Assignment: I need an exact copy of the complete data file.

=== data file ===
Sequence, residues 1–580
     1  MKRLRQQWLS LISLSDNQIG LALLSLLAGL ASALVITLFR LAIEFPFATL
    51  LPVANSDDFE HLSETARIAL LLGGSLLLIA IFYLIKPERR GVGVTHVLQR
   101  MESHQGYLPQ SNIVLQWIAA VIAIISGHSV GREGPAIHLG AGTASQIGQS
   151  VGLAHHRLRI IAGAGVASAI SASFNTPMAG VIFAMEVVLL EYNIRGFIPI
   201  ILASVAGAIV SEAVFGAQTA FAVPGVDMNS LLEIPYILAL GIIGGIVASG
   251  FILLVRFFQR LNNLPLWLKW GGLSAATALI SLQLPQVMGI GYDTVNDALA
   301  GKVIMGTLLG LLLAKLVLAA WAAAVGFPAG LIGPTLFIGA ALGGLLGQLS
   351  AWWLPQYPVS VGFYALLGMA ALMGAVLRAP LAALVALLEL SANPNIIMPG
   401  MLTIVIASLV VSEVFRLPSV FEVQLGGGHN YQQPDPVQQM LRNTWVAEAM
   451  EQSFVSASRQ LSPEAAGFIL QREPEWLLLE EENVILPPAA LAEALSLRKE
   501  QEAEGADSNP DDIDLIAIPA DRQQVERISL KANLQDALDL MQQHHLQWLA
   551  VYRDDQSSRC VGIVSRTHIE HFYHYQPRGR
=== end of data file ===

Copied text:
Sequence, residues 1–580
     1  MKRLRQQWLS LISLSDNQIG LALLSLLAGL ASALVITLFR LAIEFPFATL
    51  LPVANSDDFE HLSETARIAL LLGGSLLLIA IFYLIKPERR GVGVTHVLQR
   101  MESHQGYLPQ SNIVLQWIAA VIAIISGHSV GREGPAIHLG AGTASQIGQS
   151  VGLAHHRLRI IAGAGVASAI SASFNTPMAG VIFAMEVVLL EYNIRGFIPI
   201  ILASVAGAIV SEAVFGAQTA FAVPGVDMNS LLEIPYILAL GIIGGIVASG
   251  FILLVRFFQR LNNLPLWLKW GGLSAATALI SLQLPQVMGI GYDTVNDALA
   301  GKVIMGTLLG LLLAKLVLAA WAAAVGFPAG LIGPTLFIGA ALGGLLGQLS
   351  AWWLPQYPVS VGFYALLGMA ALMGAVLRAP LAALVALLEL SANPNIIMPG
   401  MLTIVIASLV VSEVFRLPSV FEVQLGGGHN YQQPDPVQQM LRNTWVAEAM
   451  EQSFVSASRQ LSPEAAGFIL QREPEWLLLE EENVILPPAA LAEALSLRKE
   501  QEAEGADSNP DDIDLIAIPA DRQQVERISL KANLQDALDL MQQHHLQWLA
   551  VYRDDQSSRC VGIVSRTHIE HFYHYQPRGR